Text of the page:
“I’m disappointed,” he told the Star. “I was kind of hoping people would be held accountable.”

The legal saga stretches to the early hours of April 12, 2010, when Dobbs took down Costain outside the historic hotel on King St. E. Costain originally faced charges that included impaired driving and resisting arrest. But those allegations were stayed in March 2013, when provincial court Justice Ford Clements delivered a searing condemnation of police actions on the night of the arrest.

Clements ruled that Dobbs used “unnecessary, unjustified and excessive” force in arresting Costain and that the officers who testified against Costain seemed “indifferent to the truth.” Clements said, “This is unlawful extrajudicial punishment that will shock the public.”

Dobbs was charged with assault three months later.

During that second trial, Dobbs testified that he believed Costain had tried to run down a police officer in his car and that he may have had a weapon. Croll ruled both assertions were reasonable given what the constable knew at the time.

As Croll outlined, Costain was stopped by police after he parked his badly damaged car outside the hotel and tried to hail a cab. Costain testified that he had been drinking, and that his car was struck from behind in a hit-and-run accident, Croll said.

Dobbs, meanwhile, testified that there was a call on the police radio that a damaged car driven by a black man was speeding dangerously down Yonge St., Croll said. Dobbs and his partner found Costain outside the King Edward and approached to make an arrest, Croll said.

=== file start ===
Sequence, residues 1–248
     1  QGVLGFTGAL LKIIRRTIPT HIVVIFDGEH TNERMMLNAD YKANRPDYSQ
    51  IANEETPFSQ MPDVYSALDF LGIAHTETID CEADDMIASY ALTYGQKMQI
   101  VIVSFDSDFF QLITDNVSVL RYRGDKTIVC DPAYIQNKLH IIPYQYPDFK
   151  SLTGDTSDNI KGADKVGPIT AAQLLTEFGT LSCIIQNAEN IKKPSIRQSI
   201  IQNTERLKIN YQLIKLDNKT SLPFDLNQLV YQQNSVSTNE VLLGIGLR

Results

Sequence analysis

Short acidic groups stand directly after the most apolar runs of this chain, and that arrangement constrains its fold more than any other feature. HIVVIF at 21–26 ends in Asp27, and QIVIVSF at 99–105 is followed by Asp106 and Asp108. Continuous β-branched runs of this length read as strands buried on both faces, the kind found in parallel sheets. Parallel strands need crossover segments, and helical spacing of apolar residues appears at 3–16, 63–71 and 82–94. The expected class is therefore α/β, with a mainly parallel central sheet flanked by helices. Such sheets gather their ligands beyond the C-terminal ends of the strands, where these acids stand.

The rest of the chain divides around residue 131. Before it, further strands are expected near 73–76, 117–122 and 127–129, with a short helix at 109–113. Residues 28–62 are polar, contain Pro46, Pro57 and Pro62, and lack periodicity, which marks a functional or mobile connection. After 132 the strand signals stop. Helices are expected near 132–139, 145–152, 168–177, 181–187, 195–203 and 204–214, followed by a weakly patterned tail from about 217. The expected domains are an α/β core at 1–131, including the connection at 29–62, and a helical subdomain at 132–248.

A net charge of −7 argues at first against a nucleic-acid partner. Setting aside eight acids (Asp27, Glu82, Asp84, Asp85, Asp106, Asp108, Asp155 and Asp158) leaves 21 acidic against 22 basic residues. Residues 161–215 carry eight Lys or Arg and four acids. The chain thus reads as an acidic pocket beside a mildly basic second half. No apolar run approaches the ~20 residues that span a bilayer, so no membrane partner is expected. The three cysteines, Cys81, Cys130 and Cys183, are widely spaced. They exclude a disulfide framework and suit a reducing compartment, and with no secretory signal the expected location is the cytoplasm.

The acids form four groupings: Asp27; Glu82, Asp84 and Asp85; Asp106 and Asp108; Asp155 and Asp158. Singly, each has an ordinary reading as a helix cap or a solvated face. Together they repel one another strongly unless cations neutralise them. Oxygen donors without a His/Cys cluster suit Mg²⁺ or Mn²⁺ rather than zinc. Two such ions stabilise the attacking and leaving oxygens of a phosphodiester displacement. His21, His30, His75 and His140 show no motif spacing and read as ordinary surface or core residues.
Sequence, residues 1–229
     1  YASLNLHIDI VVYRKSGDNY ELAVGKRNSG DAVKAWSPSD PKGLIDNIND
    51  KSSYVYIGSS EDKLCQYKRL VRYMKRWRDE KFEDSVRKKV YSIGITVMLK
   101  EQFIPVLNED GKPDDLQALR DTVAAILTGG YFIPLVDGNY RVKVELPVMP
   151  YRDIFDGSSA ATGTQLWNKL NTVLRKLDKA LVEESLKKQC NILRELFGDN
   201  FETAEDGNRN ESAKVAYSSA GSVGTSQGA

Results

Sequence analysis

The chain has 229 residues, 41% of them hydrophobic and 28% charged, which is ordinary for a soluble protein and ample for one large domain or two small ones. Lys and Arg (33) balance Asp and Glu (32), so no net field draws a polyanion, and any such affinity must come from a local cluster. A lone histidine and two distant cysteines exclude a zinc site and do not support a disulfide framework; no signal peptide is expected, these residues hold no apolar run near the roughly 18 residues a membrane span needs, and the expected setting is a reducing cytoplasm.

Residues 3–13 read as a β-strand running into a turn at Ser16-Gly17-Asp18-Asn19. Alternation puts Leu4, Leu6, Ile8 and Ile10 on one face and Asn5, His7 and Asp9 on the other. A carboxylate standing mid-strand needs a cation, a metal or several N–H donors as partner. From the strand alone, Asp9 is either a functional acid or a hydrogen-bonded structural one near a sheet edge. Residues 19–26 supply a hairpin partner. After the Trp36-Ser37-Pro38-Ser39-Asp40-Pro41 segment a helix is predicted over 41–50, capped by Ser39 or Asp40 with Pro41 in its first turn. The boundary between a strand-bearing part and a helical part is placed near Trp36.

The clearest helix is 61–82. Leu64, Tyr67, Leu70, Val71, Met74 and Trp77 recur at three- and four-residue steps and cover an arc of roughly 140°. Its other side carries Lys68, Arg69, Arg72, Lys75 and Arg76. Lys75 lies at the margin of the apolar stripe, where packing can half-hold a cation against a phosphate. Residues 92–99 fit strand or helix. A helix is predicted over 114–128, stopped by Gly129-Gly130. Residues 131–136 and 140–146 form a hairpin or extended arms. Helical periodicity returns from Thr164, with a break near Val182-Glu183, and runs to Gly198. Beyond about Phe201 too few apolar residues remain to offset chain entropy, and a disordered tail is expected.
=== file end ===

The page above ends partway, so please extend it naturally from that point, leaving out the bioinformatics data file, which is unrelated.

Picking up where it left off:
Dobbs claimed that Costain refused his demand to “get down” and took a swing at him, which Costain denied, Croll said. Dobbs then struck Costain twice, brought him to the ground and delivered 10 consecutive blows, followed by a pause and then two more, Croll said. The dashboard camera video shows the 12 strikes.

Dobbs’s defence lawyer argued this was in line with his “pain for compliance” training, as Costain was resisting attempts to put him in handcuffs, Croll said. Dobbs testified that he used “elbow strikes” near Costain’s left shoulder area, Croll said.

In her decision Wednesday, Croll rejected the Crown’s argument that Dobbs’s body would have been jostling in the video had Costain been resisting arrest. She compared a freeze-frame analysis of the video to “Monday morning quarterbacking,” and said the video leaves “an evidentiary vacuum” around what Costain was doing as Dobbs rained blows on him.

Leora Shemesh, who represented Costain at his trial in 2013, said she wasn’t surprised by Wednesday’s verdict. “The record that was put before Justice Croll ended with a credibility contest between Costain and a police officer,” she said. “They were really two different trials — same conduct, but just displayed quite differently.”

Brauti welcomed Croll’s verdict and echoed her statement that the video provided an incomplete picture of the incident. “It showed slivers of what took place,” he said after Wednesday’s verdict.

Several metres away, Costain stood in the shade of some trees in his grey suit. He said he felt let down by the judge’s decision, but admitted some relief that the case had ended.

“I’m just going to continue to focus on my kids and my career,” he said. “It’s been a long run.”

With files from Peter Small